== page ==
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Moose in my world 

Ranger Rich

I go way back with the giant, awkward, goofy-looking, hairy beast known as the North American moose (scientific name Rushus limbaughsus).

My 13-year-old dog, for example, is Moose, a name chosen because of his droopy jowls and black fur and the way he likes to rub his antlers on a tree.

And some 25 years ago I had a fantastic moment involving a moose in a clear-cut forest patch high in the Medicine Bow National Forest in Wyoming. And by "fantastic," I mean the 900-pound animal charged at me and I ran away, perhaps making small-girl noises.

Then, just before Christmas 2001, a moose wandered into our village and meandered for days along Monument Creek near Colorado College — eating, drinking, lurching around aimlessly and desperately searching for a mate. Or as CC students call it, going on "block break."

On that winter day, with the moose actually looking at us, I dropped to one knee and asked my girlfriend Susie to marry me.

Footnote: She said yes, and today, 11 years after that magical, enchanted day, she still hates moose. (Last Saturday morning, as I laughed hysterically at Rocky and Bullwinkle, she actually began to cry.)

Anyway, my friend Jake shot a bull moose a week ago near the Colorado town of Grand Lake. Even though I have a long and storied history with moose, I was happy. Because moose kill old men as they walk to church. As the men walk to church, I mean. Not the moose.

Speaking of which, back in August, Republican vice-presidential nominee Paul "Champion of Women's Rights" Ryan actually said this:

"President Obama said in tough times people cling to their guns and their religion. Hey, I'm a Catholic deer hunter. I'm happy to be clinging to my guns and my religion."

In summary — and I approve this message — Paul Ryan hunts Catholic deer. (Maybe he leaves a buck in the collection basket. Or a little doe in the envelope.)

Sorry. The point here, and I don't have one, is that we should shoot more moose so they can't kill or maim us, as they've seemed to enjoy doing since being reintroduced to Colorado in the late 1970s. According to biologists, flying squirrels were reintroduced a few years later, and by 1985 the duo had their own popular cartoon. (See disappointed, disgusted wife above.)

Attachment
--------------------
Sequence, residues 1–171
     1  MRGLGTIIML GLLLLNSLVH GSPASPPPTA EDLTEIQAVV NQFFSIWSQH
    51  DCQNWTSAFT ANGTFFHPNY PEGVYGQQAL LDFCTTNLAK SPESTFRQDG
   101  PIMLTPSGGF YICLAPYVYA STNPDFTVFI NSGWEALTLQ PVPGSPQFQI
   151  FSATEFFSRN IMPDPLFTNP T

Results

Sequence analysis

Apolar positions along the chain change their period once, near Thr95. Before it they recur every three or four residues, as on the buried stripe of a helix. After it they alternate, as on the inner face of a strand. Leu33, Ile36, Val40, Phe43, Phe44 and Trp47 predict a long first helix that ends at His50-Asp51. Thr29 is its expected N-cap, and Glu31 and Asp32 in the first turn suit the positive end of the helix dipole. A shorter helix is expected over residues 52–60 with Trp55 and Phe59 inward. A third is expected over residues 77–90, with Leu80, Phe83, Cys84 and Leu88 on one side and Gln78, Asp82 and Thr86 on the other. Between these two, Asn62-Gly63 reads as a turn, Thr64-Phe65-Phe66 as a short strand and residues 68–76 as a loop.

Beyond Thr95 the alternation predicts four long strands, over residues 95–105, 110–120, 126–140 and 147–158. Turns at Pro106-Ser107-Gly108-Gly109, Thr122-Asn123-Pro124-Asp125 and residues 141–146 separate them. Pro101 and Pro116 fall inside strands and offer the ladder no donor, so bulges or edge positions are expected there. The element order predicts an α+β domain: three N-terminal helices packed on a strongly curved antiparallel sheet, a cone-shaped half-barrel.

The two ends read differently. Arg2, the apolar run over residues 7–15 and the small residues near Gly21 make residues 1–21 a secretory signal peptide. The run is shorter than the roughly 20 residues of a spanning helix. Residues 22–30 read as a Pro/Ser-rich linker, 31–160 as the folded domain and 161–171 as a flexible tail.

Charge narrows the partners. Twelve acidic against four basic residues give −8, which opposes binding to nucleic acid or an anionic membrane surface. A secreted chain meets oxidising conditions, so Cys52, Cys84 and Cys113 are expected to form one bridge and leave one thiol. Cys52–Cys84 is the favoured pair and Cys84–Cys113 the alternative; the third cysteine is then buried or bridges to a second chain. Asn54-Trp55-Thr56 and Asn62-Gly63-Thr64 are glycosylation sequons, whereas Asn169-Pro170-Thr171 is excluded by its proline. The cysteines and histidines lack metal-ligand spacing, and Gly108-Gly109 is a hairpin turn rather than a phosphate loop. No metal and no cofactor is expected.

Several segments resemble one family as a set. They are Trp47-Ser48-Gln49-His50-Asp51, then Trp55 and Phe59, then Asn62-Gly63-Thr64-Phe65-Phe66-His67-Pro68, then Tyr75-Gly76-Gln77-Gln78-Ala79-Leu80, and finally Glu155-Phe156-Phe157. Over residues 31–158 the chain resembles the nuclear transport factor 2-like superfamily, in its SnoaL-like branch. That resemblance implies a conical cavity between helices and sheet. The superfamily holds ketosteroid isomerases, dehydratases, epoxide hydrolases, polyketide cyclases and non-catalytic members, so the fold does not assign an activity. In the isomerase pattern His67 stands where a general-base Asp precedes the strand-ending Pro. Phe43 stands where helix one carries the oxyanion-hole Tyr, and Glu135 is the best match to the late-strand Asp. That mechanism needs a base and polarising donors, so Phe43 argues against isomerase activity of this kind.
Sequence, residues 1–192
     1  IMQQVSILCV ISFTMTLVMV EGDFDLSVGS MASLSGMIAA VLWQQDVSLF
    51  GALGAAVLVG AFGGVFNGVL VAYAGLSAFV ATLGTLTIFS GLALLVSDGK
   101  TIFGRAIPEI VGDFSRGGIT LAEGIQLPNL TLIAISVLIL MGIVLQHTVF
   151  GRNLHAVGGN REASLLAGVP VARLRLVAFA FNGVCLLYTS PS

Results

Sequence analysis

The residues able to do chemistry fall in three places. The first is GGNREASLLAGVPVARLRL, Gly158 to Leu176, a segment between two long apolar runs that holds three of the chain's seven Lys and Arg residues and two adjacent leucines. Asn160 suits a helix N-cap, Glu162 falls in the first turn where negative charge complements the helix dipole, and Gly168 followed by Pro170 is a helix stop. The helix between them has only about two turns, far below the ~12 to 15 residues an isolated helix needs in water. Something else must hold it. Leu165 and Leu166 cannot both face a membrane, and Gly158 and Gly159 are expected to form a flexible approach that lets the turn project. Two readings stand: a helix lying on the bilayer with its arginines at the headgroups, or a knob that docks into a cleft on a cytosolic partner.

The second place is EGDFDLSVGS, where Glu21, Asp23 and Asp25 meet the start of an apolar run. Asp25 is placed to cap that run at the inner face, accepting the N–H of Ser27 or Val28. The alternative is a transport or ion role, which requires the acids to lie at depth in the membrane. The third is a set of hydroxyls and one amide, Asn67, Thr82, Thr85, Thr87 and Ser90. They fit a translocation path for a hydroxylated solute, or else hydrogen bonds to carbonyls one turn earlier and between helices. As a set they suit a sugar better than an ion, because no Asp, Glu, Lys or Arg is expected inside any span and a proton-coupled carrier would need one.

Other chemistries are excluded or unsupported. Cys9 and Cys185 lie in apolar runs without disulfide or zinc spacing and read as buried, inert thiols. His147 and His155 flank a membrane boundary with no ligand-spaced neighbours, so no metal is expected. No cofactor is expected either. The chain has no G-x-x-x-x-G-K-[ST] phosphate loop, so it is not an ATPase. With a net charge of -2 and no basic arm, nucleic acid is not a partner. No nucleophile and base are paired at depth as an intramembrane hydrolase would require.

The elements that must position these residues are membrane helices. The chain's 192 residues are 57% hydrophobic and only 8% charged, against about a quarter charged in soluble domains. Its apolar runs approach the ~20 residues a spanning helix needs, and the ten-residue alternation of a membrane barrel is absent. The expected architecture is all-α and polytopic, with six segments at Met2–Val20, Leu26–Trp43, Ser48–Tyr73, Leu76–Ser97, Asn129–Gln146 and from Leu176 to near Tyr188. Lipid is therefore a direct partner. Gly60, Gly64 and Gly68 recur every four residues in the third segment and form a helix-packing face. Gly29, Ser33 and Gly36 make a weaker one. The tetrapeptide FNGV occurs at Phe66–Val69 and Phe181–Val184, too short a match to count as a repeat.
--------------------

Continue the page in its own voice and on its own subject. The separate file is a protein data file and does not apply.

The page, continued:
Anyway, in March 2006, 92-year-old Louis Heckert of Grand Lake was walking to church when a moose attacked him on the sidewalk. The man died a few days later. Others in the northern Colorado town have been injured in moose attacks, and many have been threatened.

Take Mike Turner, 58, who lived for 16 years in Monument and recently moved to Ohio. (I assume to get away from the angry moose.)

"A friend, Rick Spurgeon, got chased by a moose just last week up near Grand Lake," Turner said. "Charged him. And years ago a big bull moose followed me for a mile in the woods. They're big and aggressive and have no fear."

Last week, after 15 years of applying for a Colorado moose hunting license and finally getting rewarded — you can only get one moose tag in your lifetime in Colorado — the aforementioned Jake, a recent CU-Boulder grad and the son of a deer old, I mean dear old friend, shot a moose.

He and his dad hunted hard for nearly two weeks, and on the big day Jake tracked the bull for four hours through deep snow before getting a shot.

"It was a pretty big deal," Jake said. "I'd tried for so long for a license. Then when I finally saw the moose and it finally happened, I felt more relieved than anything. It was great."

And while I know there might be an anti-hunting sentiment among some readers, I celebrate. Because today there's one less moose to attack us as we walk to church, where Paul Ryan is crouched beside a pew, his ears standing at full attention if you know what I mean, preparing to shoot a Catholic deer.

Rich Tosches (rangerrich@csindy.com) also writes a Sunday column in the Denver Post.

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